Why you fail to get feedback after you don't get the job
Why employers are hesitant to give feedback
|2 minute read|
The vague and unhelpful responses metered out to unsuccessful job applicants are many and varied and include “we found someone better”, “the other candidate was more suited” and “we went with someone more experienced”.
Even with unemployment levels at record lows, rejected candidates want feedback on their unsuccessful job applications.
Yet more often than not those requests will be met with flaky platitudes or, worse still, silence rather than the hoped-for constructive advice.
Unsurprisingly, it leaves applicants frustrated, resentful and even angry at the end of the job hunt, particularly if they felt they performed strongly in the interview.
Without specific feedback, unsuccessful candidates are left to repeat the same mistakes, which makes it even more baffling why employers so often refuse to provide the sought-after advice.
The reasons for employers’ silence are varied.
Many want to avoid discomfort associated with passing on negative feedback.
Some argue candidates try to use feedback sessions as a “second go” interview, even if the position has been filled.
Other employers claim rejected candidates become defensive and emotional when they receive negative feedback.
Yet the overwhelming reason why employers keep their thoughts on job applicants to themselves is a fear of being accused of discrimination.
Providing feedback that a candidate is too experienced, for example, may be interpreted as age discrimination.
Telling an applicant who wore a hijab to the interview that they may lack the personal presentation required for the role could be viewed as religious discrimination.
And explaining to a job seeker, who talked openly during an interview about her four young children, that she was unlikely to have the flexibility required for the role may be considered discriminatory on the basis of her family circumstances.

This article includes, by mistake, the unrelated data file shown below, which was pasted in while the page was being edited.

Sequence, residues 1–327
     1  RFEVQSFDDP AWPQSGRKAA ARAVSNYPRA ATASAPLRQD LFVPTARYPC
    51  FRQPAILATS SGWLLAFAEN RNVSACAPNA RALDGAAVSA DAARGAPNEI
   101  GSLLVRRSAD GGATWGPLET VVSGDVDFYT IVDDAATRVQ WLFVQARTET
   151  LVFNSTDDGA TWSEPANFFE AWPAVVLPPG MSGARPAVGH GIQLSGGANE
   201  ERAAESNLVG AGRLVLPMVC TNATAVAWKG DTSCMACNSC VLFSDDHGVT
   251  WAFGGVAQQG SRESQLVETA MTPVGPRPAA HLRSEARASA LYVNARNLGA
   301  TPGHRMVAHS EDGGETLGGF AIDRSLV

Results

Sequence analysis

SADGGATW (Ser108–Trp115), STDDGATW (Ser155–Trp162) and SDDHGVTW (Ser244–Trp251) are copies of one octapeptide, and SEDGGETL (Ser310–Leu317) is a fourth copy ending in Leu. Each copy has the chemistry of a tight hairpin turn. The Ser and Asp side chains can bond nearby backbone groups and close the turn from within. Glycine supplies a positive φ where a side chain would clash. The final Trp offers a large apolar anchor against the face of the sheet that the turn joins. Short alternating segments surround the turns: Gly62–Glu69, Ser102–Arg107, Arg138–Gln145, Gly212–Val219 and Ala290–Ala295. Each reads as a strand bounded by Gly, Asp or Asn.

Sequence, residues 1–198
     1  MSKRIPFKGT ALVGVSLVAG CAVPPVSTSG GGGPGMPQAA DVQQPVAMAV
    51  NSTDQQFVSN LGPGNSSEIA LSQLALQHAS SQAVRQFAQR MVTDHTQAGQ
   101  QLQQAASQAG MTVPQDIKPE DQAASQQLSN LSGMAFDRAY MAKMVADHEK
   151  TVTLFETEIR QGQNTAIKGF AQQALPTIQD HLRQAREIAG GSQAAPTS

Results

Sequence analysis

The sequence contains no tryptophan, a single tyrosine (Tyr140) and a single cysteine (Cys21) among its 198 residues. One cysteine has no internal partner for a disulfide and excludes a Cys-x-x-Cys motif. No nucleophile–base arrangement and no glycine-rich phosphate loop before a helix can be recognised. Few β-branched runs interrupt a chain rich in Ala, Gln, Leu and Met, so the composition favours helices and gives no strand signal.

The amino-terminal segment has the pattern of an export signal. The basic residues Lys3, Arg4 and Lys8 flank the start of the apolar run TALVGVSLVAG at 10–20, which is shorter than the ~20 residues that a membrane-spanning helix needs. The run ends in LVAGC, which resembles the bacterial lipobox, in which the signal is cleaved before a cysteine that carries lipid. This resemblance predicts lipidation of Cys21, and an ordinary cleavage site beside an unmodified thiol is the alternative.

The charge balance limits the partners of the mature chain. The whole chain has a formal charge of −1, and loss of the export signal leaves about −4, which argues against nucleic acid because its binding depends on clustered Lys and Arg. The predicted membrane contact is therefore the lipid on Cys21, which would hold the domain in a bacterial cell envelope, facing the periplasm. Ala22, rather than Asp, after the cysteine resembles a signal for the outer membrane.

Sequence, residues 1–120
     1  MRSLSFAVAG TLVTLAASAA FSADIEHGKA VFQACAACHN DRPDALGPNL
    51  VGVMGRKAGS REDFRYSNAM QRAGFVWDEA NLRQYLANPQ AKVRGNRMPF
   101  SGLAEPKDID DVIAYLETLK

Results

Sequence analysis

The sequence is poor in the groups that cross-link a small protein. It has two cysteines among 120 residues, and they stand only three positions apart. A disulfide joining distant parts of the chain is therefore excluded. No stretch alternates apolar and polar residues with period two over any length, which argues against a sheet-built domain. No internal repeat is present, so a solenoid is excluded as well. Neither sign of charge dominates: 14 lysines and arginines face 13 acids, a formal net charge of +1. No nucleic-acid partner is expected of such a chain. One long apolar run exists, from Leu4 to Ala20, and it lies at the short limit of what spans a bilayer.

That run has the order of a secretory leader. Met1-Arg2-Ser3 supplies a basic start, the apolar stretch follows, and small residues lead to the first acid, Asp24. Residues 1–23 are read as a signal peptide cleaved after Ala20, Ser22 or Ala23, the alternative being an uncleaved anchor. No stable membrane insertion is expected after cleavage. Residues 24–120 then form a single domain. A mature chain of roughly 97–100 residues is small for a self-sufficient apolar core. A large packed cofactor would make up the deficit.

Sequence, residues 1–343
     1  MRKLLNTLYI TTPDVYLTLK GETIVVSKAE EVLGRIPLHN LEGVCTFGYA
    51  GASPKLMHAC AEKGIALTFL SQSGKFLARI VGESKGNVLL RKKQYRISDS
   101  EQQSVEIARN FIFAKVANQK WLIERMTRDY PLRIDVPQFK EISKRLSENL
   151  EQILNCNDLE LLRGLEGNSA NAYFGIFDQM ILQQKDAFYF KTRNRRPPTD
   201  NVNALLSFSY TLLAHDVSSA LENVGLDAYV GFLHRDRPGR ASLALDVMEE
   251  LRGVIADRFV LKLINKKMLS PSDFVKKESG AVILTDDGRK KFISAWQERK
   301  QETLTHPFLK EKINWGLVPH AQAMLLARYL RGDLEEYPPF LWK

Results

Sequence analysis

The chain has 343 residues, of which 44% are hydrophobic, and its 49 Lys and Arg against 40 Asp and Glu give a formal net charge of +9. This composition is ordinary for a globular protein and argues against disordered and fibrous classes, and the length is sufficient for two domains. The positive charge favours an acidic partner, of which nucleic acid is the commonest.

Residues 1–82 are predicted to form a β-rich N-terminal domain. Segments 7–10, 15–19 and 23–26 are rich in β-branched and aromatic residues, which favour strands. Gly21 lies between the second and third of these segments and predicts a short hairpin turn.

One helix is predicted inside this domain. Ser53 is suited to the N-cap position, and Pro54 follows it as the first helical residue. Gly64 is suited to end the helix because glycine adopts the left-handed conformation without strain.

While the process of refusing feedback or ghosting unsuccessful applicants causes considerable angst for job seekers, it creates problems for employers, too.
Failing to provide at least some useful advice can portray an employer as heartless and lacking empathy and may trigger unwelcome and unflattering workplace reviews.
The ideal situation for any business is for rejected candidates to leave the job search process thinking they would still like to work at the company.
The advice for unsuccessful applicants seeking feedback is to avoid directly asking why they did not land the job.
A better approach is to ask targeted questions including how to improve interview techniques, the types of experience that could make them a stronger candidate and whether the list of referees should have been stronger.
On occasions where feedback is offered up it can be extremely useful – “avoid swearing during interviews”, “you should not read from your PowerPoint slides during a presentation” and “make eye contact with the panel members” are all good tips that employers may provide.
Most importantly, though, the way applicants carry themselves in a feedback session may leave the door open for another vacancy with the company – or kill off any future consideration altogether.